4 ways to to avoid domain renewal disaster

Andrew Maybin, of web hosting firm Tibus, explores the best ways of avoiding the potential disastrous consequences of allowing your domain to expire.

shutterstock_140412928Jeb Bush has halted his US presidential campaign. His poor showing in the primaries was the main reason for his withdrawal, but a slightly haphazard campaign was neatly illustrated when his team allowed his website domain to expire. It was promptly registered by a certain Donald J. Trump, who redirected all the traffic to his own website.

The political gaffe brought into focus a tightrope walked by many businesses. Often big companies, even Google in recent months, only remember to renew their domain when it expires. By that stage is could have been re-registered by someone else, causing you to lose your web address, emails and any other data attached to the domain.

Follow these four pointers to avoid that pitfall:

  1. Register your domain with a reputable registrar

There are lots of options for registering your domain. Make sure you do so with a reputable, UK-based registrar. Look for one with a UK phone number and a physical address here. Dabbling with overseas registrars who offer to register your domain for pennies could leave you on tricky legal ground further down the line.

Visit the Nominet website to see a list of approved registrars.

  1. Don’t register the domain with your own email address

When registering a new domain, do not do so with your usual email address. Instead, use a specific address, like domainreg@[yourdomain].com. Give several of your colleagues access to this inbox and set-up forwarding so that emails to this account are sent on to each of your personal inboxes.

This will help to combat the main causes of a lost domain, which are:

Staff turnover – the person whose email the domain was registered to leaves the company and you don’t receive any of the reminders. Busy inbox – the person whose email the domain is registered is also responsible for lots of other things and doesn’t notice the important domain renewal email.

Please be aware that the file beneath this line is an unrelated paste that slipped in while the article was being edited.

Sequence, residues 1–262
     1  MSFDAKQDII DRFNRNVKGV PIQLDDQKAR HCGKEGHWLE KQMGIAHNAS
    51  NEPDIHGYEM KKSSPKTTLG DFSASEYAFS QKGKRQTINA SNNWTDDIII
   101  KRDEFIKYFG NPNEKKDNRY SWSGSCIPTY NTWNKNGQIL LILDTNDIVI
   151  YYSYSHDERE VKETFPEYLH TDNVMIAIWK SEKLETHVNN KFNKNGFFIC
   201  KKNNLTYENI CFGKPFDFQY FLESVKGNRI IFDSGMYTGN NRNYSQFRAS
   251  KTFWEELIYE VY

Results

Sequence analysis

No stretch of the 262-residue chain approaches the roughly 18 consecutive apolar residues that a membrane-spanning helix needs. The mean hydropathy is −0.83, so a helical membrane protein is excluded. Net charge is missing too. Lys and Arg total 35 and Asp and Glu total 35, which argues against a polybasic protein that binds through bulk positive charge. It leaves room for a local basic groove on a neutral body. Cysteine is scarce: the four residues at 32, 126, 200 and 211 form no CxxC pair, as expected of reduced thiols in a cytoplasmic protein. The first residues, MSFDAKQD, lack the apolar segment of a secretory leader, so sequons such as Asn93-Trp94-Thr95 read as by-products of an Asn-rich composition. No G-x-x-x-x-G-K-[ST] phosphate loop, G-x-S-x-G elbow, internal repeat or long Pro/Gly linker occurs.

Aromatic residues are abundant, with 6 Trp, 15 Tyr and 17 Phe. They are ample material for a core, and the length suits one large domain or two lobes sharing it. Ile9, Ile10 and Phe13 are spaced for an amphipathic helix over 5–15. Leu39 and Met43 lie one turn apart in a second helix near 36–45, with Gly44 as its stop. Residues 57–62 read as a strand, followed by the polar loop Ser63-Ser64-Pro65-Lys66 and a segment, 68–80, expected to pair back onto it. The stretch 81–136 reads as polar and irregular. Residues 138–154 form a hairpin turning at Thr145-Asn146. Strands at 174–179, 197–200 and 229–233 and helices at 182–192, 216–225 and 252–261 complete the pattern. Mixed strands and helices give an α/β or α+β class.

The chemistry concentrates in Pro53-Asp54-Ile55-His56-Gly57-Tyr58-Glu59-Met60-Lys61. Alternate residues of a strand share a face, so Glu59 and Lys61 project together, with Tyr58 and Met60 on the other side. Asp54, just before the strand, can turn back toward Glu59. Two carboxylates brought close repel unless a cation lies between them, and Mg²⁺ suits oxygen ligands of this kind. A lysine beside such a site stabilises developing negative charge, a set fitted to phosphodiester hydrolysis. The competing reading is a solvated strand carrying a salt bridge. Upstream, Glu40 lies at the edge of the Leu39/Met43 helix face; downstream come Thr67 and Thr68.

Forgetfulness – the person who receives the email intends to action it, but it just slips their mind.

If you did register with your own email address, or you’re not sure whose email address was used, login to your registrar’s account and update to a more reliable arrangement.

  1. Make sure your domain is set to renew automatically

All reputable registrars will have an option on their control panel to allow you to set your domain to renew automatically. Tick the box, sign the form and do whatever it takes to have this option turned on.

Even if you have multiple domains registered at a given time, the cost of accidentally renewing a domain you had intended to allow to expire will be perhaps £10 or £20. The cost of accidentally allowing a domain that is vital to your business to expire could be enormous, perhaps even fatal to the business.

  1. Don’t just leave it to the tech guy

Many firms leave everything associated with the website to their web development agency, who are supposed to perform a sort of late 1990s ‘webmaster’ role. Domains are not necessarily their core business area and just because they built your website doesn’t necessarily mean that renewing your domain is a high priority task for them.

Make sure they know what they’re doing. Get them to tell your their polices and processes in relation to domain name management and renewal. If you’re not convinced by the answer, seek out a specialist domain name company to take over the job from them.